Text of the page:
Al McCauley (right) started the “Fish on Fridays” video formation series during the pandemic and enlisted former student Emily Chmielewski to help with the technical aspects. (Submitted photo)

A year into Al McCauley’s tenure as director of adult faith formation at St Anthony on the Lake Catholic Church, the pandemic hit.

As the long weeks of quarantine went on, hinting it would be months or longer before in-person formation could take place again, he knew he had to act. For years, McCauley had contemplated the idea of a podcast, and occasionally mentioned it to friends, former students and colleagues from his 24 years at Pius XI High school teaching theology and history.

“Teaching is my passion,” he said. “But my faith is everything, and I know I’m right where God wants me to be when I’m blending the two.”

McCauley has always tried to make the Catholic faith accessible so people don’t feel intimidated or distant from it. His hope is to spread the truth that God is everywhere, right where we can see him.

“We need that grace, especially with everything going on today,” he said. “But if you told me a year ago the way I would be spreading that message would be through a web series, I would have asked you what a web series is.”

He went to the director of communications at St. Anthony on the Lake and began to brainstorm ways they could effectively reach out to parishioners and help them continue to grow closer to God during a time they would need to draw on every ounce of their faith to get through.

He began very simply, by making three- to five-minute videos he began to call “Fish on Fridays,” where he shared his knowledge of different aspects of the Catholic faith. He addressed topics like the rosary, the life of a saint or a church teaching.

He released them on Fridays, in lieu of the Fish Frys that were unable to be held.

He was shocked when parishioners watched the videos on Facebook and YouTube, and asked for more. He saw where the series could go and knew his rudimentary skills weren’t going to be enough to get it there; so he began to reach out to former students and colleagues he’d spoken with about his idea years before.

A conversation he had with Emily Chmielewski, a 2016 graduate of Pius XI, came to mind. On a pre-COVID trip home, Chmielewski, a student teacher now based in Minnesota, said if he ever decided to go through with a podcast or series, she’d love to put her technology skills to use and help. When he reached out, she was thrilled to jump in and take over polishing the videos to help them look more professional. Chmielewski does the editing, adds text and helps him turn his ideas into a more concrete form.

“My background is in music,” Chmielewski said. “So this project has allowed me to have an artistic outlet during a time when the arts virtually shut down. I am so thankful for that.”

In addition to Chmielewski, 2002 Pius XI graduate Augie Haas, now a professional musician, helped him create and produce a theme song.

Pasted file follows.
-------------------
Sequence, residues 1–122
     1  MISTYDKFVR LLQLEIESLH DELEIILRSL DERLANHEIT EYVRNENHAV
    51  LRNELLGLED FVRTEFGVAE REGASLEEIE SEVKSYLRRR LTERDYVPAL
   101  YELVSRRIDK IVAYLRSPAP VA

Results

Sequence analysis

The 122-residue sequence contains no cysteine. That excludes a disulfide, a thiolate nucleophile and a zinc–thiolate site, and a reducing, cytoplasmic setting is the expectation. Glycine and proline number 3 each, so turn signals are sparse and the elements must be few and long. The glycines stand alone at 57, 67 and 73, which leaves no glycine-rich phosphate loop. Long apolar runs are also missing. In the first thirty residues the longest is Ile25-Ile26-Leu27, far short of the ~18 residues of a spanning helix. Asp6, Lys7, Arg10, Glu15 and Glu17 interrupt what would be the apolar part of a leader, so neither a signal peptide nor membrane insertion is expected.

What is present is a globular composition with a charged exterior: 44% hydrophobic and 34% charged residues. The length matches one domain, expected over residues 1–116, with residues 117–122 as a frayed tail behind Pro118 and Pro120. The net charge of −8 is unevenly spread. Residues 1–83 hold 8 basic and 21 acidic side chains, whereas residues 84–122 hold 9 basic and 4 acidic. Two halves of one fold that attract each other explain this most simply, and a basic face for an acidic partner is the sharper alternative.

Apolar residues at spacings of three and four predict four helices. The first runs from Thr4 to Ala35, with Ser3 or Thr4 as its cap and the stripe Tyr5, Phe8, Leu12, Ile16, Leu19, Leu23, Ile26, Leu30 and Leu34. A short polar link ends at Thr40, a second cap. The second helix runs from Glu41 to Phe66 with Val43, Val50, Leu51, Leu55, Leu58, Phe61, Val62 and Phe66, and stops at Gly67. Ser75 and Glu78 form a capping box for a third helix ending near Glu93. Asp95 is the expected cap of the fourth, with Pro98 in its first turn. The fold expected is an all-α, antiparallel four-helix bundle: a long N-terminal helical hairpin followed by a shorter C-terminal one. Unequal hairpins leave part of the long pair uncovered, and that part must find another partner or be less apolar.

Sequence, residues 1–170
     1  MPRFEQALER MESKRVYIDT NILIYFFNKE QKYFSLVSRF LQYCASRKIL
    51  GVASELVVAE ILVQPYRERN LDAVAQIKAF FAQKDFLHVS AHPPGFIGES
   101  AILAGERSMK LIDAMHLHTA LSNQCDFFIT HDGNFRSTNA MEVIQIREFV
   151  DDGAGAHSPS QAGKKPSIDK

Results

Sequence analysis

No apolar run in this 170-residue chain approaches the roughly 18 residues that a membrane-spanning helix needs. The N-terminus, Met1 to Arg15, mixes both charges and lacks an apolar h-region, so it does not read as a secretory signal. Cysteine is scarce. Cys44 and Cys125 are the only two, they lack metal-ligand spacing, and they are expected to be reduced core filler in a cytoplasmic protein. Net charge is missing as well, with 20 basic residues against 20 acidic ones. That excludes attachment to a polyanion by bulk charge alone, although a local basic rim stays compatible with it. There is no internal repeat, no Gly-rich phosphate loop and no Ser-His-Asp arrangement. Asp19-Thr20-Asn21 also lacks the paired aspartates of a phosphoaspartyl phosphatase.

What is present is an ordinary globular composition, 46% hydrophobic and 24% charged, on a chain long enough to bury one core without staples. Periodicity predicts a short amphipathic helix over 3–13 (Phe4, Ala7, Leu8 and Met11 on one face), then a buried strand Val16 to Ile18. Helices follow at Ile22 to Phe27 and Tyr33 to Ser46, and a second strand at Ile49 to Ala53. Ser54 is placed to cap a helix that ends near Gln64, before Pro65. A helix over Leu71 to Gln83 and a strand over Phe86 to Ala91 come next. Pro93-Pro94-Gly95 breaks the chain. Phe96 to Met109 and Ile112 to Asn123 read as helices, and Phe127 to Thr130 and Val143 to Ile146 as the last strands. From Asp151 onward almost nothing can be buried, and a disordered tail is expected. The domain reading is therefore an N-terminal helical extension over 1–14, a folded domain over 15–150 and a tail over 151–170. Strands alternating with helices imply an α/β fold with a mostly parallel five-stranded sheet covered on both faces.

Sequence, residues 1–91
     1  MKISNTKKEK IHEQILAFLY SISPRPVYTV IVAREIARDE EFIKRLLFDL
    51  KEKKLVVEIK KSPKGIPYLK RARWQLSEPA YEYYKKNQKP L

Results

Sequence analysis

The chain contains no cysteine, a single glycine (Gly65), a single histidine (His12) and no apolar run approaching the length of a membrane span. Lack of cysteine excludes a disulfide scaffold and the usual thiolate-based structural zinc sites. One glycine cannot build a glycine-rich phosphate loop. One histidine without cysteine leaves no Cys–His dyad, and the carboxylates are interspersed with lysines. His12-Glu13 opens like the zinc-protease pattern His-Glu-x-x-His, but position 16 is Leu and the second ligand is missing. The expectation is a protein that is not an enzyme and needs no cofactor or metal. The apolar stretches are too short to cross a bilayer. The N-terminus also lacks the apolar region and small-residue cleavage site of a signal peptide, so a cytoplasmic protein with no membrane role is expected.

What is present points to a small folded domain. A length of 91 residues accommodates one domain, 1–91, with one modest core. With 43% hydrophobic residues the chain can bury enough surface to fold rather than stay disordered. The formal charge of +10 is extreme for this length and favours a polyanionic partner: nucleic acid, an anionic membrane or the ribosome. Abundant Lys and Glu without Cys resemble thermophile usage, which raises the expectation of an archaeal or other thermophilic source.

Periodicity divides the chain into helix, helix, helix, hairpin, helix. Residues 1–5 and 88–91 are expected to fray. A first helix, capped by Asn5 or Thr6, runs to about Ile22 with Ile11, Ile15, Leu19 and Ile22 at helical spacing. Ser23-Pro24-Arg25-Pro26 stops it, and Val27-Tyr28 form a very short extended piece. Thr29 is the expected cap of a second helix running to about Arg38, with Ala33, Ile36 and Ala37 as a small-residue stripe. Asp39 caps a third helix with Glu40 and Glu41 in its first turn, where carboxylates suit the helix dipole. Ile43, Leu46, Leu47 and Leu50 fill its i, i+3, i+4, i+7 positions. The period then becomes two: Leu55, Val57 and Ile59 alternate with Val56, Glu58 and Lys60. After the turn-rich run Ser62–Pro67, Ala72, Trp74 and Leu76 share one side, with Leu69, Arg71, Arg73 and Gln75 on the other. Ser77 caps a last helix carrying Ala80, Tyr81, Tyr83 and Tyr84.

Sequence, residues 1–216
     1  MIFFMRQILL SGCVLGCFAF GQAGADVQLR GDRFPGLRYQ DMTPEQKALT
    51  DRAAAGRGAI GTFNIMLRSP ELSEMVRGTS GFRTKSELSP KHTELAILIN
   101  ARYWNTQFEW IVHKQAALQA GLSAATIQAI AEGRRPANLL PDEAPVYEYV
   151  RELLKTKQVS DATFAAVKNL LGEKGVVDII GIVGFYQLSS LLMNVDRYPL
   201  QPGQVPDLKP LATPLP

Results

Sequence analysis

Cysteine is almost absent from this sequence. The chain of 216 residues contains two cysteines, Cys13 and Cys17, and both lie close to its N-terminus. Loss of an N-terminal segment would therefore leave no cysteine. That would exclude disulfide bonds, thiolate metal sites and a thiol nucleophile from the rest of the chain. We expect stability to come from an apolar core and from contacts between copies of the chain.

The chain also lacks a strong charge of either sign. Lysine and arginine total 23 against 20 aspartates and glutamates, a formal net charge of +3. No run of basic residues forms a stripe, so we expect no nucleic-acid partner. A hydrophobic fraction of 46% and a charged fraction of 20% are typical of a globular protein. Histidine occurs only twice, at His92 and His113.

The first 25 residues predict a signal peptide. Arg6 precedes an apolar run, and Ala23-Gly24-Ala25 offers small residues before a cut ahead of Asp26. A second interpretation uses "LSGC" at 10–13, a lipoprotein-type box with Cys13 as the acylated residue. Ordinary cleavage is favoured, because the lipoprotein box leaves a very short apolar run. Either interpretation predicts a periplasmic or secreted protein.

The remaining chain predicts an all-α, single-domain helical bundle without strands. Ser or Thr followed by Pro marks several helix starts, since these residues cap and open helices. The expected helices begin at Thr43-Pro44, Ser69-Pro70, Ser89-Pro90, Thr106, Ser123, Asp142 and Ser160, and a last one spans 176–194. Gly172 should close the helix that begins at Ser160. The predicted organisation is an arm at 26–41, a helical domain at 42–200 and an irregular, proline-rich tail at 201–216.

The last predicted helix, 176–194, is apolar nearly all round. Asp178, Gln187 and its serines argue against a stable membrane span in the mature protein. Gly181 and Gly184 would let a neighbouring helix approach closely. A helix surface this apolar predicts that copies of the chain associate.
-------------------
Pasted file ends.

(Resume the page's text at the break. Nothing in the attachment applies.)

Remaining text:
“His band made a demo of Ode to Joy, a good Catholic song and turned it into a jazzy little 45 second jingle,” McCauley said. “It blew me away.

Andy Bernier, a former Pius XI art teacher, came up with the logo. McCauley said that as the series took form because of his old connections from Pius XI, he felt a strong sense of community, even though they had not been together at the school in years. He said, “You really see what Catholic schools and Catholic education builds. It’s a timeless bond that keeps us together.”

As the series began to grow, McCauley said he was shocked to see it catch on outside the parish. Small groups have asked to use the videos for small-group settings on Zoom, and parishes have reached out and asked to use them for formation during this time when, for many, learning has come to a halt.

“It’s been so cool to see how far the small hope I had for evangelization is spreading,” McCauley said. “People are learning and growing closer to their faith because a handful of us offered up our time.”

All of the work McCauley and Chmielewski do is voluntary, and the web series makes no money. They do it solely because they believe in the Gospel and want to see it spread to the world. They both said they love their faith, and their drive in life is to help others feel close to it, as well.

Over the past year, many people have sent emails and made comments about how wonderful it is to look forward to a burst of Friday formation. When McCauley and his wife visited the Shrine of Our Lady of Guadalupe in La Crosse, he filmed himself talking about it and called it an “On the Road” episode. A few homebound people emailed, saying they couldn’t make the trip but were so glad to go on a virtual journey with him.

“People feel isolated,” McCauley said. “None of us could ever have imagined that this is what formation would look like in 2020, but we’re here and we have to do the best we can. I never thought this was where it was going to go. It’s totally intimidating, and rewarding, and a chance to share my faith and be myself, but I’m so pleased, and it’s all God. ”